Support for the Royal Monetary Authority Bill was unanimous. Every one of the 66 MPs present in the Parliament today endorsed the Bill.
But if the Bill is so popular, why hadn’t the two Houses each passed it on its own? Why was a joint sitting needed?
In fact, there were differences. And the most critical one concerned the chairperson of the RMA Board.
The RMA Board comprises of seven members – the governor, two deputy governors, and four other members. The governor is appointed by His Majesty the King at the recommendation of the prime minister. The two deputy governors are full-time staff from the RMA secretariat. And the four other members are appointed by the government.
Most MPs, especially those in the National Council and the two in the opposition, expected that the governor would automatically become the chairperson of the Board. This was also the recommendation of the Joint Committee that had been established to iron out the differences between the two Houses.
The government, however, argued that the Chairperson should be from among the four other members it appoints, and not the governor.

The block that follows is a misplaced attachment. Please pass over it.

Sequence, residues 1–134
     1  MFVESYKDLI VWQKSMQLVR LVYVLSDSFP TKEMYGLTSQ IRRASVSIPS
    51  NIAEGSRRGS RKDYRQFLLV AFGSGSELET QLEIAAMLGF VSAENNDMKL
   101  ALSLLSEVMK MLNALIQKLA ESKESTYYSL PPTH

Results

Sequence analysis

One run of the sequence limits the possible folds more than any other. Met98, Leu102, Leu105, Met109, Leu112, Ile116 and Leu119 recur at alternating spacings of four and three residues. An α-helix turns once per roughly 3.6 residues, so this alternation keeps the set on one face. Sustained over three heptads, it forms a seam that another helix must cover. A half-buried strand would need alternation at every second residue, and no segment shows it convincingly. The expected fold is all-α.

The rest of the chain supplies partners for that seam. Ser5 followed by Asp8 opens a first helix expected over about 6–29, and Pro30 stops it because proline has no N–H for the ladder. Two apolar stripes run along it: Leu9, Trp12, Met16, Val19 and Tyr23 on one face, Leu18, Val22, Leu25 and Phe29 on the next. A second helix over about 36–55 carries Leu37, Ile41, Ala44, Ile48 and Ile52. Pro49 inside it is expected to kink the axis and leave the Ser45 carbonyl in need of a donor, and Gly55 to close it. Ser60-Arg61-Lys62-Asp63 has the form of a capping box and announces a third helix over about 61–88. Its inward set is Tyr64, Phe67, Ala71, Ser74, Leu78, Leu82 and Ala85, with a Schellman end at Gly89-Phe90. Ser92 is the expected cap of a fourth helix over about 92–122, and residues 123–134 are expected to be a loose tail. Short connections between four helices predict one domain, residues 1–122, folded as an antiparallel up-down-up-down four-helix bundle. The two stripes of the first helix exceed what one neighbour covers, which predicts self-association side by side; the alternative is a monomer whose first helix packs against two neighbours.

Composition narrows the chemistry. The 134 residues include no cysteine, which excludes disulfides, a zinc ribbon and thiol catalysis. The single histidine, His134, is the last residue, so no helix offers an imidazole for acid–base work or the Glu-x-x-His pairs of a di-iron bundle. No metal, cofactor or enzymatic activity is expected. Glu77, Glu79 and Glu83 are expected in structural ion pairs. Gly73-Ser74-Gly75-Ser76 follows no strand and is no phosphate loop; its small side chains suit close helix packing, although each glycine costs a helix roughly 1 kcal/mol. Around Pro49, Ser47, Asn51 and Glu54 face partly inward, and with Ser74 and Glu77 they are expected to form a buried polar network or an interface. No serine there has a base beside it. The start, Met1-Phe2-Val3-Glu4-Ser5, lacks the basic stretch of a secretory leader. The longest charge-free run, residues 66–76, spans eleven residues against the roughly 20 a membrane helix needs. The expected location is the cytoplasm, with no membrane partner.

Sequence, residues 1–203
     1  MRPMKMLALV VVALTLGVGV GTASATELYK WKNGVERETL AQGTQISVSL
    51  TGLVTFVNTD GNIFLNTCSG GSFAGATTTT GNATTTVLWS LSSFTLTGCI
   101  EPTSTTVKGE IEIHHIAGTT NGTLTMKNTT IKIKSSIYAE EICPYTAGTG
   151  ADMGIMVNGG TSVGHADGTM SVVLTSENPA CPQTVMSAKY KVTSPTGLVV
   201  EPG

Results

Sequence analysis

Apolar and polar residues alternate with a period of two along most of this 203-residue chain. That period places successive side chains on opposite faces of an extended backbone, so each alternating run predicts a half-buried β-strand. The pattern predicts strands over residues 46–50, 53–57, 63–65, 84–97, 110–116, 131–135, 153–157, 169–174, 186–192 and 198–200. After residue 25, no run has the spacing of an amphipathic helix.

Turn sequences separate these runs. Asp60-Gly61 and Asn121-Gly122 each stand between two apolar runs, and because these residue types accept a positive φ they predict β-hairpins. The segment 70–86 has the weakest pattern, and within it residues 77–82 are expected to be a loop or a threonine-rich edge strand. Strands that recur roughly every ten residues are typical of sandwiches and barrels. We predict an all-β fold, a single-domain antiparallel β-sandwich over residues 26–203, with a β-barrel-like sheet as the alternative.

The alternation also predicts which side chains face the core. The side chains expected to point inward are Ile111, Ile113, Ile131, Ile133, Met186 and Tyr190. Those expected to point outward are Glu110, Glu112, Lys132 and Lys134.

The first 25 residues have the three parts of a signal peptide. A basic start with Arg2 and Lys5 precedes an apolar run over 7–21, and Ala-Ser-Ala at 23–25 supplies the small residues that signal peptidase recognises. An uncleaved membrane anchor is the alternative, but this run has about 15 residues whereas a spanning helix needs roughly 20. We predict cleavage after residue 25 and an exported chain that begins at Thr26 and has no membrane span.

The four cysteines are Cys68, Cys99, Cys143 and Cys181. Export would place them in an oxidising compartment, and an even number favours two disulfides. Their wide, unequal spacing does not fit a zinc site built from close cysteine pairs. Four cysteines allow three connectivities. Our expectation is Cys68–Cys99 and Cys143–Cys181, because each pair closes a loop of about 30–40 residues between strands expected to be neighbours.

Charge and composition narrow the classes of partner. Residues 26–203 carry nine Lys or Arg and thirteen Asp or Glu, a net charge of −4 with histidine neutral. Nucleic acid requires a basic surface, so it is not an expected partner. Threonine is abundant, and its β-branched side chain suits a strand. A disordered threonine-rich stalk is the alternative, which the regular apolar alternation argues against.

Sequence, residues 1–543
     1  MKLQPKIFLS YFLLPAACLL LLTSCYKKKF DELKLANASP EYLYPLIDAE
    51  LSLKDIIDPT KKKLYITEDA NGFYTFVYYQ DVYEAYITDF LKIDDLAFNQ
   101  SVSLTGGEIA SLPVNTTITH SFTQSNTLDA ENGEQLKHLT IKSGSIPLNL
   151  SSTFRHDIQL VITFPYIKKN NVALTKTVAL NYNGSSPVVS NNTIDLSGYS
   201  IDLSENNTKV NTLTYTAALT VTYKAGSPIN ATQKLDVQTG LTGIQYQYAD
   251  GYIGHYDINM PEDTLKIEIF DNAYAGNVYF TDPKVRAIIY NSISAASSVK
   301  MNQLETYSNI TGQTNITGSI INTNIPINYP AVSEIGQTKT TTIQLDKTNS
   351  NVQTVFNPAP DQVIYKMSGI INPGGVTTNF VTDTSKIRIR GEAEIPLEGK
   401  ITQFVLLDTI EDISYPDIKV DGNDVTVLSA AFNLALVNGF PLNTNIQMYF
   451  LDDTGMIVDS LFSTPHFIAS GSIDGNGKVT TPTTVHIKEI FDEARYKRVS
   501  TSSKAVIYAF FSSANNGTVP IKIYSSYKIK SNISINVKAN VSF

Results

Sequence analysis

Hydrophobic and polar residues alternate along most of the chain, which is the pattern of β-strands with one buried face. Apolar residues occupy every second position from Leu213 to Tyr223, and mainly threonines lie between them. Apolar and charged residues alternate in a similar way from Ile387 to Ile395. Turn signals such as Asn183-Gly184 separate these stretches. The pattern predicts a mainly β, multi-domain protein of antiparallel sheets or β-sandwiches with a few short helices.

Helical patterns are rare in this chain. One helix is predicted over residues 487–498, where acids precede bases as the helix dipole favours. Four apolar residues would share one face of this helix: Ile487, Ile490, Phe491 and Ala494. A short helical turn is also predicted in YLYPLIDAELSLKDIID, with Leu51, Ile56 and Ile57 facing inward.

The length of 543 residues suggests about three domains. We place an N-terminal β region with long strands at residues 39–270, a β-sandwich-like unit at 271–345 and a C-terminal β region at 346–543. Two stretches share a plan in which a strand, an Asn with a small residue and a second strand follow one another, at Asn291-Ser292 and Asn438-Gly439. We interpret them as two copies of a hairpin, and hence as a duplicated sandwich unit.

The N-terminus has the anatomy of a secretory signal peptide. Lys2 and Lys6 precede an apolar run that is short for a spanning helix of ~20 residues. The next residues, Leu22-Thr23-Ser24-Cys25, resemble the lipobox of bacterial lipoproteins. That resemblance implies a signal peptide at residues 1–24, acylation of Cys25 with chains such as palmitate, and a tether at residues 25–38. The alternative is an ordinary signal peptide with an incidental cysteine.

A debate looked promising. But there wasn’t to be one. Instead, a couple of MPs explained why the governor should be the chairperson of the Board. Then, three ministers in quick succession justified why the governor should not be made the chairperson. And then, the speaker decided, quite suddenly, that the recommendation of the Joint Committee would prevail. No one challenged the speaker. And just like that, the otherwise most contentious issue was resolved.
After that, there were hardly any disagreements. The Joint Committee’s recommendations were mostly accepted; the government’s positions in some other areas were incorporated; and, despite my earlier misgivings, the RMA Bill sailed through unanimously.